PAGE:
The international team bidding to raise the sunken Russian nuclear submarine, the Kursk, were today making final preparations ahead of their departure for the wreck site in the Barents Sea.
The international team bidding to raise the sunken Russian nuclear submarine, the Kursk, were today making final preparations ahead of their departure for the wreck site in the Barents Sea. There are fears, however, that a hurried operation could trigger a nuclear accident.
The crew, which includes British, Russian, Norwegian and Dutch divers and support staff, are expected to leave Aberdeen Harbour on the North Sea support vessel, the Mayo, after completing a 'familiarisation' briefing as well as preparations on the ship.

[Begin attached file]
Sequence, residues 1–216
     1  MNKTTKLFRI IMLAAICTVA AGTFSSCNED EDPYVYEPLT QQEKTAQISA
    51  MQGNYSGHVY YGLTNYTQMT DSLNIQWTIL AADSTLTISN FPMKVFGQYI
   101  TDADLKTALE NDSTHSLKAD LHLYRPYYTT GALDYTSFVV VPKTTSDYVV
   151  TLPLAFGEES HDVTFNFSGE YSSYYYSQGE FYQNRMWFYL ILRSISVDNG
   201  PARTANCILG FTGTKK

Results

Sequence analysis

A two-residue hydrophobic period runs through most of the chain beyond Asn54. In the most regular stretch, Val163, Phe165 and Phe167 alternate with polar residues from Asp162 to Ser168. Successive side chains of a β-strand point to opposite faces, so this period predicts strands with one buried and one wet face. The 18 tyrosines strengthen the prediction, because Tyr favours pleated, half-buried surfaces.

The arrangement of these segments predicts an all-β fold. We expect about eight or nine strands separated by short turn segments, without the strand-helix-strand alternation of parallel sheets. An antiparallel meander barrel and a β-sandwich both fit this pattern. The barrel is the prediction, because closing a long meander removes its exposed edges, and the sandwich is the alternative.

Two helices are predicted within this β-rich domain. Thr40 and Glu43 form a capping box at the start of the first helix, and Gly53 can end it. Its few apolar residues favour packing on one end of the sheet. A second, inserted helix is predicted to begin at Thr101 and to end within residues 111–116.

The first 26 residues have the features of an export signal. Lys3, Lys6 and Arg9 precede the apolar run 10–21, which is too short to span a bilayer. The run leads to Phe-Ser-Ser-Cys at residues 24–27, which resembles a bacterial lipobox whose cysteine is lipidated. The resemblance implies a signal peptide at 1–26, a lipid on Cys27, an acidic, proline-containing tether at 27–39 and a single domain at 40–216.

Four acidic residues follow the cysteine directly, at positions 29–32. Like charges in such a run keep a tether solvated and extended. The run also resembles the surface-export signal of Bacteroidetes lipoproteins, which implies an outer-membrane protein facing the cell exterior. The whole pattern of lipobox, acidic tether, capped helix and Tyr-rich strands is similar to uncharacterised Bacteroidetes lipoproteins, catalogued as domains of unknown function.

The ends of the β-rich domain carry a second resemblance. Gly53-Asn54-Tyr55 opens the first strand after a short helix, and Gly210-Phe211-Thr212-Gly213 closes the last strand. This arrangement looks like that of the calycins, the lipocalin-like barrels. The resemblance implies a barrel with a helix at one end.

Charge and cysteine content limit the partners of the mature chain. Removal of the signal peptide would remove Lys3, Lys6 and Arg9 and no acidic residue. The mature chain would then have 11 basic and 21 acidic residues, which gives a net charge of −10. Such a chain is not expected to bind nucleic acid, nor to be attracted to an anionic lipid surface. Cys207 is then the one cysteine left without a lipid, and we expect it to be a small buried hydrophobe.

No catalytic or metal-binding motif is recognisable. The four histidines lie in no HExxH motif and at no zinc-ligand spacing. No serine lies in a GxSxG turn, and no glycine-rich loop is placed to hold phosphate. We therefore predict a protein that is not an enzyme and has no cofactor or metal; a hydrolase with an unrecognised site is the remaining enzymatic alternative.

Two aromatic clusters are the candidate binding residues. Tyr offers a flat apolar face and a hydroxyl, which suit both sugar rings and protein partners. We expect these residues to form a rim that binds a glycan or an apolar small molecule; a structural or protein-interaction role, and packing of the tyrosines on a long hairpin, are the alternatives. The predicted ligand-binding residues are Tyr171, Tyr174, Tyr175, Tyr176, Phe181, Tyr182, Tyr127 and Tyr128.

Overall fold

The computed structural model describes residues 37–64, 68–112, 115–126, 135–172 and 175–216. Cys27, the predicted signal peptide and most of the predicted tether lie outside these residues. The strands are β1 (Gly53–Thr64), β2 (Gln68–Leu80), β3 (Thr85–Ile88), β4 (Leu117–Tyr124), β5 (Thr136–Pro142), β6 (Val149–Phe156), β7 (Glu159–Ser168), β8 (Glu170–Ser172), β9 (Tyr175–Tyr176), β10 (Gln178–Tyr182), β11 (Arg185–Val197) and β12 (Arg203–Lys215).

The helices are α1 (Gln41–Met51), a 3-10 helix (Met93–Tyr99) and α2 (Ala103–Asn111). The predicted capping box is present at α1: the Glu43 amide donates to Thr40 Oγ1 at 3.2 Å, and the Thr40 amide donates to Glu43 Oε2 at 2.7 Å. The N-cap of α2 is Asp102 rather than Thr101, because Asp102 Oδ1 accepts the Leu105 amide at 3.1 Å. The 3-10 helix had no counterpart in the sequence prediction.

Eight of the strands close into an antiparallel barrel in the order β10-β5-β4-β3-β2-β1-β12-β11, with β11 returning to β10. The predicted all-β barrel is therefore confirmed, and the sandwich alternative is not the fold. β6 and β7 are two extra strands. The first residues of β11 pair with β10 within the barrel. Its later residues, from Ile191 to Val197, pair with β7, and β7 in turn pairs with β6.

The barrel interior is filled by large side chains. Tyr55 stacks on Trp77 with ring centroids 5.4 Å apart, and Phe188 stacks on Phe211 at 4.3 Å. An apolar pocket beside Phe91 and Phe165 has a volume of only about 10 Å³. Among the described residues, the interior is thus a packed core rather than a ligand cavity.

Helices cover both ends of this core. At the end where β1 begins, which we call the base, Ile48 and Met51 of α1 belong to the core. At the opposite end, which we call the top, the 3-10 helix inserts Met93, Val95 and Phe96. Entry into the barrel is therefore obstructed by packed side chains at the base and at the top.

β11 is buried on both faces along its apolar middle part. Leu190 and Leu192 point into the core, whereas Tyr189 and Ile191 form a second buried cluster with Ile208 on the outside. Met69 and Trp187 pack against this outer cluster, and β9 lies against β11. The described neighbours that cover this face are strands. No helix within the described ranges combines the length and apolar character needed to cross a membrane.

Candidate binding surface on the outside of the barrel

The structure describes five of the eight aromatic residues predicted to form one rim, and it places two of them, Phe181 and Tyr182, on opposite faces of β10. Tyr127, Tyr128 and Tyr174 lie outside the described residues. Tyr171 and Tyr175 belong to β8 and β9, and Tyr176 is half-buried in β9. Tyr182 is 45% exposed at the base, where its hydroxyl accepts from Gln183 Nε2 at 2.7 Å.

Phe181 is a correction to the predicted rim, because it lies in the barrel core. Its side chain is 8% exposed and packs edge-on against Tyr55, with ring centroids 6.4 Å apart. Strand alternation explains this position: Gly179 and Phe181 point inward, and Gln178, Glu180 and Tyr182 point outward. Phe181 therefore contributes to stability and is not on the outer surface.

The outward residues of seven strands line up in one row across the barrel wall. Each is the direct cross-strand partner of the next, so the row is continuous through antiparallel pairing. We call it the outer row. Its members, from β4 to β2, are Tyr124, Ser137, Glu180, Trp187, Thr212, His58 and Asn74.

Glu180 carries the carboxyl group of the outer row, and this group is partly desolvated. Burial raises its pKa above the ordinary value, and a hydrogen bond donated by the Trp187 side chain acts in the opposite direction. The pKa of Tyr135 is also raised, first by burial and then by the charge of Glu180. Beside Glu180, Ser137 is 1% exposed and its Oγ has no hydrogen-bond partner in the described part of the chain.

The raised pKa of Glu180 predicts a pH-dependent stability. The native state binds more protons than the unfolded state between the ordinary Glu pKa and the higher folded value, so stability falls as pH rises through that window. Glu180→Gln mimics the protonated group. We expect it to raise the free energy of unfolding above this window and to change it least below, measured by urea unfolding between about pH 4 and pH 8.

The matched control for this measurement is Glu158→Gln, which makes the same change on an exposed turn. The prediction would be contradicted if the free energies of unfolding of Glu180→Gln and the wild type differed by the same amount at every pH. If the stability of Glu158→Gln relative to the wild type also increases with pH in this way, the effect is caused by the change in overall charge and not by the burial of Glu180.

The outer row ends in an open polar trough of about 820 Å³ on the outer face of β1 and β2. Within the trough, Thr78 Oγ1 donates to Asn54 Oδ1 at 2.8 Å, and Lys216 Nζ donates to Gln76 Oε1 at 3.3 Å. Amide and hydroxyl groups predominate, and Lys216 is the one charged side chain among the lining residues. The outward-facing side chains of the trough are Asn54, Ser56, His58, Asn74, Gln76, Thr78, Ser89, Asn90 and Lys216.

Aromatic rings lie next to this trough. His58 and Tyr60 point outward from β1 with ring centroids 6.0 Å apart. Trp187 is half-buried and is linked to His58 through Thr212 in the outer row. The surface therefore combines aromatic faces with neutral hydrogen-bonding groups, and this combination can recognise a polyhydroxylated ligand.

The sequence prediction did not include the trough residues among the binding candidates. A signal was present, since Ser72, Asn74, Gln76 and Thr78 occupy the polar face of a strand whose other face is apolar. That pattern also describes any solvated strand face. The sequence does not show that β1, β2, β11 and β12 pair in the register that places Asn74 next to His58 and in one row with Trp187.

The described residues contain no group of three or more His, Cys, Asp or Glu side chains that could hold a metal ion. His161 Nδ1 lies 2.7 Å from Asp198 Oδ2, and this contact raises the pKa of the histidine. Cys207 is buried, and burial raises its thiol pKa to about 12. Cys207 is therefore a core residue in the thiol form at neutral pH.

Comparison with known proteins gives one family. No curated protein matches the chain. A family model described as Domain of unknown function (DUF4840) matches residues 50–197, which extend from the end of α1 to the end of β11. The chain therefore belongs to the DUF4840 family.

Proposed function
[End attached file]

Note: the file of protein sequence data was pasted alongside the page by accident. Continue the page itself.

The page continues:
The team should take around a week to reach the site where they will prepare the wreck for a lifting operation planned for midSeptember by clearing the submarine of soil and cutting holes into the vessel to allow lifting equipment to be attached.
A spokeswoman for Dutch contractors, Mammoet Transport, who are carrying out the operation said: "The team is now loading the ship with equipment and as soon as that is finished we will be leaving but I expect that to be late on Friday evening or perhaps in the early hours of Saturday morning.
"The familiarisation programme is still ongoing and that should be completed later on Friday."
All 118 crewmen on board the Kursk were killed when the submarine sank on August 12 last year after it was rocked by a series of explosions during a training exercise.
British divers were involved in the first mission to find survivors in the stricken submarine when they sailed on the Normand Pioneer supply ship, from the Norwegian port of Trondheim five days later, but the rescue attempts were abandoned on August 21 when the submarine was found to be entirely flooded.Reuse content